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|US8556421||Oct 19, 2011||Oct 15, 2013||Novartis Ag||Calculating an intraocular lens (IOL) power according to a directly determined IOL location|
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|U.S. Classification||351/159.79, 623/6.11|
|International Classification||G02C7/02, A61F2/16|
|Cooperative Classification||A61B3/0025, A61B3/103, A61B3/107, A61F2/1613|
|European Classification||A61F2/16B, A61B3/10B|
|Jun 29, 2009||AS||Assignment|
Owner name: ABBOTT MEDICAL OPTICS INC, CALIFORNIA
Free format text: ASSIGNMENT OF ASSIGNORS INTEREST;ASSIGNORS:NORRBY, SVERKER;BERGMAN, ROLF;REEL/FRAME:022885/0576;SIGNING DATES FROM 20090602 TO 20090629
Owner name: ABBOTT MEDICAL OPTICS INC, CALIFORNIA
Free format text: ASSIGNMENT OF ASSIGNORS INTEREST;ASSIGNORS:NORRBY, SVERKER;BERGMAN, ROLF;SIGNING DATES FROM 20090602 TO 20090629;REEL/FRAME:022885/0576
|Jul 29, 2009||AS||Assignment|
Owner name: ABBOTT MEDICAL OPTICS INC., CALIFORNIA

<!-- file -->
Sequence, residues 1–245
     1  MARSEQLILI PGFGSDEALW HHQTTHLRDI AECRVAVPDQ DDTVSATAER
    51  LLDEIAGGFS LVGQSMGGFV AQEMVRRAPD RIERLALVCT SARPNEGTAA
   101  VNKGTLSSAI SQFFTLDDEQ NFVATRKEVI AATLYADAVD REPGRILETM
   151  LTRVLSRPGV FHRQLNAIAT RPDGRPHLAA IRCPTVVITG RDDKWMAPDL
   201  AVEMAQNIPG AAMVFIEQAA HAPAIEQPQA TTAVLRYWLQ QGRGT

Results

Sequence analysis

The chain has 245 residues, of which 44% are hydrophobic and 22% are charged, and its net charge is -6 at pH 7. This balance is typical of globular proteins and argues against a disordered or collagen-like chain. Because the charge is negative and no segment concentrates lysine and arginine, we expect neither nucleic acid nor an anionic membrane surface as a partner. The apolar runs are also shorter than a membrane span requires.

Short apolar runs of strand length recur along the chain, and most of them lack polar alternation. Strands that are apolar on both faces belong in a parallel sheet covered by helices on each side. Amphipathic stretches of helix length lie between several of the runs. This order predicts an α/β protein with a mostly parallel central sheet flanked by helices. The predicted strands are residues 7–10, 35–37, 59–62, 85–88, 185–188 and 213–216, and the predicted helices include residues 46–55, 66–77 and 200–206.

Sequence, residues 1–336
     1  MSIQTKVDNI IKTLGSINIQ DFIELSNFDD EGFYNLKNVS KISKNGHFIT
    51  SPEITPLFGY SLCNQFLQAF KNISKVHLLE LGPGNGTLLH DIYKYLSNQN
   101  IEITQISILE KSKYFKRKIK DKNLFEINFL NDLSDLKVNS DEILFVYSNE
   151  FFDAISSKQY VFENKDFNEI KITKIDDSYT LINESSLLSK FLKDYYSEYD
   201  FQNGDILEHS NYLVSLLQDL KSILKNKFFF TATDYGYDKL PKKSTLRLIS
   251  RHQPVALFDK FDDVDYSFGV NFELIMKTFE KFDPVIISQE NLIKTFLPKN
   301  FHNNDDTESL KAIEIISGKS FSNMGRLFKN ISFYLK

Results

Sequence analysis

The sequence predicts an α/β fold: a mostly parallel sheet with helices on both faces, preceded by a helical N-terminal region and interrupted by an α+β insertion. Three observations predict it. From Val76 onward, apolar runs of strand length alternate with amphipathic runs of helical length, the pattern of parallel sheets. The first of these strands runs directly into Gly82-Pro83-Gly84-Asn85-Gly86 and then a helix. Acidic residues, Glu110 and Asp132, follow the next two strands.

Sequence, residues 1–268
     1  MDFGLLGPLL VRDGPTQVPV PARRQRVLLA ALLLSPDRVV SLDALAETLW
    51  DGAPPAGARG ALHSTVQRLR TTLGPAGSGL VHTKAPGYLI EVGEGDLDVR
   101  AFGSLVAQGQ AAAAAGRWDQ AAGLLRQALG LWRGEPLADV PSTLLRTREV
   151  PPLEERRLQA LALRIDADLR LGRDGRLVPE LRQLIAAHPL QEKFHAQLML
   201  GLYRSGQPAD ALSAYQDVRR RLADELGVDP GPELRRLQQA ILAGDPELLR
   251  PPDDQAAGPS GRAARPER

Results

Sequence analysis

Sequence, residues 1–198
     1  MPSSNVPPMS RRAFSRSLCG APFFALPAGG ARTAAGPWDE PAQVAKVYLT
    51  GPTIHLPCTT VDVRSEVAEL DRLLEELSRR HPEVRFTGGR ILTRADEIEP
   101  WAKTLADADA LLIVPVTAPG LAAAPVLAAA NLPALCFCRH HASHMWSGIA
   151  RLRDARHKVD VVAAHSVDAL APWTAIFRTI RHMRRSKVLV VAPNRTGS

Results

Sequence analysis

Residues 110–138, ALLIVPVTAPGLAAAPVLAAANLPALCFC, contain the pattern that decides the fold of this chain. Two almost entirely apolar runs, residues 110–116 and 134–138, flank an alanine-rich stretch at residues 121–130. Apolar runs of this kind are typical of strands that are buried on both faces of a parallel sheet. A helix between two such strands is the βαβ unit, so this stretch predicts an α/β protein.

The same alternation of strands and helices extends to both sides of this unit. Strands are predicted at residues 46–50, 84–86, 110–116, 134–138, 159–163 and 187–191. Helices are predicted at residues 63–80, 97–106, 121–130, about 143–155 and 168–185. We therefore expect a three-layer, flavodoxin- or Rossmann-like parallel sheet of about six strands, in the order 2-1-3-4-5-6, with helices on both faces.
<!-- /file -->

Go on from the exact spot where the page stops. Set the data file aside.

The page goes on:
Free format text: MERGER;ASSIGNOR:ADVANCED MEDICAL OPTICS, INC.;REEL/FRAME:023234/0277
Effective date: 20090226
Owner name: ABBOTT MEDICAL OPTICS INC.,CALIFORNIA
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Effective date: 20090226
|Jul 30, 2009||AS||Assignment|
Owner name: AMO GRONINGEN B.V., NETHERLANDS
Free format text: ASSIGNMENT OF ASSIGNORS INTEREST;ASSIGNORS:NORRBY, SVERKER;BERGMAN, ROLF;REEL/FRAME:023027/0097;SIGNING DATES FROM 20090602 TO 20090629
Owner name: AMO GRONINGEN B.V., NETHERLANDS
Free format text: ASSIGNMENT OF ASSIGNORS INTEREST;ASSIGNORS:NORRBY, SVERKER;BERGMAN, ROLF;SIGNING DATES FROM 20090602 TO 20090629;REEL/FRAME:023027/0097
|Jul 25, 2014||FPAY||Fee payment|
Year of fee payment: 4